Protein: 53g
Net Carbs: 11.5g
Fat: 11g
Cholesterol: 125mg
Sodium: 1,024mg

I like to think my changes below lowered the overall fat, cholesterol, sodium, and calories while upping the veg factor without adding too much on the carb side. I've been making this about once a week since the first time we tried it. I hope you enjoy it as much as we do!

Dude Ranch Stew

Prep time: 15 minutes
Total time: 1 hour or more depending on your simmer time

    1 pound round steak, cut into bite-sized pieces
    3 cloves garlic, minced
    1 4-ounce can diced green chilies
    1 Tbsp chili powder
    1 tsp ground black pepper
    1 Tbsp ground cumin
    2 cups beef broth (low-sodium if you can find it)
    1 6-ounce can tomato paste
    1 cube beef bouillon
    2 cups water
    1 15.5-ounce can kidney beans, drained and rinsed
    3 celery stalks, chopped
    2 cups frozen white corn
    2 cups frozen sliced okra

  1. Heat a large soup pot on the stove over med-high heat and brown the steak. Add the garlic and cook until fragrant, 2–3 minutes.

  2. Add the diced green chilies, chili powder, black pepper, and cumin and cook another 2–3 minutes.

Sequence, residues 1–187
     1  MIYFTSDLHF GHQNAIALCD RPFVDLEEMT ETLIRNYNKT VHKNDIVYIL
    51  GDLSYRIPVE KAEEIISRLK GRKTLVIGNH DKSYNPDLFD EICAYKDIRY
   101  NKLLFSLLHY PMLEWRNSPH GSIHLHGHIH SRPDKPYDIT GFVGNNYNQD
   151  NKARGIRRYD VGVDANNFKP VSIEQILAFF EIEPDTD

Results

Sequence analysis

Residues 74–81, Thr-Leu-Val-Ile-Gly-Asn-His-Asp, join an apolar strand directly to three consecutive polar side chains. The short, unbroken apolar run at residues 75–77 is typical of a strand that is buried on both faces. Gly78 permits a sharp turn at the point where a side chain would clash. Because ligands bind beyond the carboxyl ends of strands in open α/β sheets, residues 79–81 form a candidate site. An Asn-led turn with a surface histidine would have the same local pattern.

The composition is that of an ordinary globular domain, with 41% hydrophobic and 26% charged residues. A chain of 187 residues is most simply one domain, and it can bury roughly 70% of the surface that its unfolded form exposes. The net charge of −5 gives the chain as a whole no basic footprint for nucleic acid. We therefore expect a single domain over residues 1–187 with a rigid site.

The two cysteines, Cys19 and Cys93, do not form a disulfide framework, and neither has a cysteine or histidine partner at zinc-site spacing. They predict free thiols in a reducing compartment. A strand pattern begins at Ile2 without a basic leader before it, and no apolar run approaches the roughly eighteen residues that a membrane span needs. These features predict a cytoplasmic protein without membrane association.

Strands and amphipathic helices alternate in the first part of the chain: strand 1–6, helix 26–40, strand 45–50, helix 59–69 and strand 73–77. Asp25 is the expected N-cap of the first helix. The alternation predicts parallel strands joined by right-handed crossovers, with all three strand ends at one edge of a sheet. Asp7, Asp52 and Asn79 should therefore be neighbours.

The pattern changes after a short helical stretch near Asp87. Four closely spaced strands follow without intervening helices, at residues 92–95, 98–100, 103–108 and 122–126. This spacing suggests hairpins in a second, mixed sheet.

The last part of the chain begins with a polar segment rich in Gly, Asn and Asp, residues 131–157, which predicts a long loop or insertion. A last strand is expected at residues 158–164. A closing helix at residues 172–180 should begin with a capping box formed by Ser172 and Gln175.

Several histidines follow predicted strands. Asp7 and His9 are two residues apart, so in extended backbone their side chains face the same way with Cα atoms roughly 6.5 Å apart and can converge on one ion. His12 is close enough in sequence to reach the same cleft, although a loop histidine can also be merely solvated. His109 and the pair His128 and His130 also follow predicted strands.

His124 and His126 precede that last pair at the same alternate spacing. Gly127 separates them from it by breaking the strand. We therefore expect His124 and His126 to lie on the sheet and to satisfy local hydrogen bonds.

3. Add beef broth, tomato paste, beef bouillon, kidney beans, and celery and bring to a boil. Reduce heat to simmer and add the frozen corn and okra about 15 minutes before serving.

The longer this stew simmers, the better it is, but, when pressed for time, I've served it after simmering only 30 minutes Scoob still loves it.

Friday, February 3, 2012

Silence Is Golden

Hey, y'all! I'm alive and kickin' over here, and I've actually got my hands on my computer for more than 10 minutes to pay some bills.

I'm healing very well after surgery. On day 3 I was out taking a stroll in the neighborhood with mom. Day 4 we walked about a mile and I was pretty sore the next day and came down with a miserable cold. The coughing and sneezing was not fun and kind of set me back to square one. Except for the cold I felt ready to go back to work during the first week, although there were some cognitive issues due to pain meds, like constantly called the enchiladas a friend sent over lasagna. Wish I could blame the spelling issues on that too, but that's pretty much a constant.